Merrimack - Not Bad News?

Wednesday, Merrimack (NASDAQ: MACK) released top-line data of its anti ERBb3 antibody MM121 in platinum-resistant ovarian cancer. The "top line" data reads as a "fail" and the share-price is falling as a result of this.

As I outlined in a previous Seeking Alpha article, the company was not expecting this antibody to work in all cases of ovarian cancer. The basis of MACK's "network biology platform", and of personalised medicine in general is that toxic drugs are only given to those who will benefit from it.

As the company predicted, in the subgroup of ovarian cancers expressing a specific set of biomarkers, MM121 works well. An odds ratio of 0.37 means that this subgroup of patients has a 63% lower chance of tumor progression than controls. This subgroup - 34% of the total patient population (still a large number in absolute terms) will be the group that the pivotal phase III trial will enroll. When the whole cohort is analyzed, the non-responders dilute out the responders, making the trial look like a "failure". This approach, in theory, substantially de-risks the phase III trial. However, poor communication has led to negative investor sentiment.

What does this trial mean for MACK? I believe that this is actually positive news in terms of validating the fact that the company has the means to identify groups of previously untreatable patients who can benefit from their novel antibody treatments, and it seems as if these treatments may work (albeit that a blinded, phase III trial is necessary to prove this). The company has a large number of antibodies in their pipeline using the same 'network biology' platform, so this first demonstration that their technology works is pivotal.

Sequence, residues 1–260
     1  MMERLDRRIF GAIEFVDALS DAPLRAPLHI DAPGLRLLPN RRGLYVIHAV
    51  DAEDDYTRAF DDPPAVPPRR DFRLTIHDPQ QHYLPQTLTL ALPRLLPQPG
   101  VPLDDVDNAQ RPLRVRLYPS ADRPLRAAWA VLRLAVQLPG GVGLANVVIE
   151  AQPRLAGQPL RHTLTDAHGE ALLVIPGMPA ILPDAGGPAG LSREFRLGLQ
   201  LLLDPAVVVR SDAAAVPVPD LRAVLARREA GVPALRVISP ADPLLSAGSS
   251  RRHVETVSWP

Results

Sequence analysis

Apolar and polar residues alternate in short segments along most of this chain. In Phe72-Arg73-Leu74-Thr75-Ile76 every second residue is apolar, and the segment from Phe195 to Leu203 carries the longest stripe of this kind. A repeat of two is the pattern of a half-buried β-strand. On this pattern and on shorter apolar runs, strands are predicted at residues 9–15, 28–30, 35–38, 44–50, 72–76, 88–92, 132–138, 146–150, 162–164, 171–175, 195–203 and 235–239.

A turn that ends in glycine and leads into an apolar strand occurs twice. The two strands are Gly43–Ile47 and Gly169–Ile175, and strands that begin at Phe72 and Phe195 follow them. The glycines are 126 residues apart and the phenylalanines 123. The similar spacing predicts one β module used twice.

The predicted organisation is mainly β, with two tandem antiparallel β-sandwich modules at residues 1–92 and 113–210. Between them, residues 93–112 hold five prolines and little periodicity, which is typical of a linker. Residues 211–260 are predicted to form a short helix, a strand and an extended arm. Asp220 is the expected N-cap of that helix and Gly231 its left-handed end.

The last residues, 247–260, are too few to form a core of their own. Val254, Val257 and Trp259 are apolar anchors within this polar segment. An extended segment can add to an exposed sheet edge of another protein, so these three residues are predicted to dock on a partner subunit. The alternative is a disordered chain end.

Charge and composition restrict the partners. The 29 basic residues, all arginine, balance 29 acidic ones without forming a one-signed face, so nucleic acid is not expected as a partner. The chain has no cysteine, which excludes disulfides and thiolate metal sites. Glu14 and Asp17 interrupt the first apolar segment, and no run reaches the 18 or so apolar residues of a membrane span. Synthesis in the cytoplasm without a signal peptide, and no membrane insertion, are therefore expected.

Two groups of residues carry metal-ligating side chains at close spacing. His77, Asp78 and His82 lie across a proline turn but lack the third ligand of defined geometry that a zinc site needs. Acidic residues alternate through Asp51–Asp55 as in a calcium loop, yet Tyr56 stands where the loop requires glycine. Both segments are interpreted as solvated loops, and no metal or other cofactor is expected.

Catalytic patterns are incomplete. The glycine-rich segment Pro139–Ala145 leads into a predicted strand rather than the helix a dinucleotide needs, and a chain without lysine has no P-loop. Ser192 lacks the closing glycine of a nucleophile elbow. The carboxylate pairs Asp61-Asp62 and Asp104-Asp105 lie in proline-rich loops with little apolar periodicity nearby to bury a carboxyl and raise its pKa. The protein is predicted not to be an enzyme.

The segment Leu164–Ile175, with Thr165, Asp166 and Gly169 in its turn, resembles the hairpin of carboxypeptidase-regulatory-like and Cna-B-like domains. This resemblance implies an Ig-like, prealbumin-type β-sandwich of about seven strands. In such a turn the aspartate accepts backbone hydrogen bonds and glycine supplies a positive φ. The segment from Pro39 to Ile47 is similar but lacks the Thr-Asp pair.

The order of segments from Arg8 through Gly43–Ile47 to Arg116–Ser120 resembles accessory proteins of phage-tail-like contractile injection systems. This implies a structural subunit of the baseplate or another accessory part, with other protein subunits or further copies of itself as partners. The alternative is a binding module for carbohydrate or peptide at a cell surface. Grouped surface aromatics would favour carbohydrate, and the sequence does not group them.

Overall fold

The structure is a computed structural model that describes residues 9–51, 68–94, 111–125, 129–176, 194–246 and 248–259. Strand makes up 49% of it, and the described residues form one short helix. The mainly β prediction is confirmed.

As a long-term shareholder, it's frustrating that the word "failure" is associated with the results of this trial. One view is that this trial goes some way towards validating MACK's platform for targeted cancer therapeutics. It is perhaps noteworthy that Sanofi (NYSE:SNF), who is paying for the clinical development of 121, has chosen to remain silent. Of course, as potential purchasers of MACK, it will find a depressed share-price advantageous in negotiating a price for a takeover. It is clearly not advantageous for SNF to blow the trumpet of MM-121, as it will result in an increased stock price for MACK, increasing the potential takeover cost.

I remain long MACK, but I remain frustrated by the company's communications with the investing public.

Disclosure: I am long MACK. I wrote this article myself, and it expresses my own opinions. I am not receiving compensation for it (other than from Seeking Alpha). I have no business relationship with any company whose stock is mentioned in this article.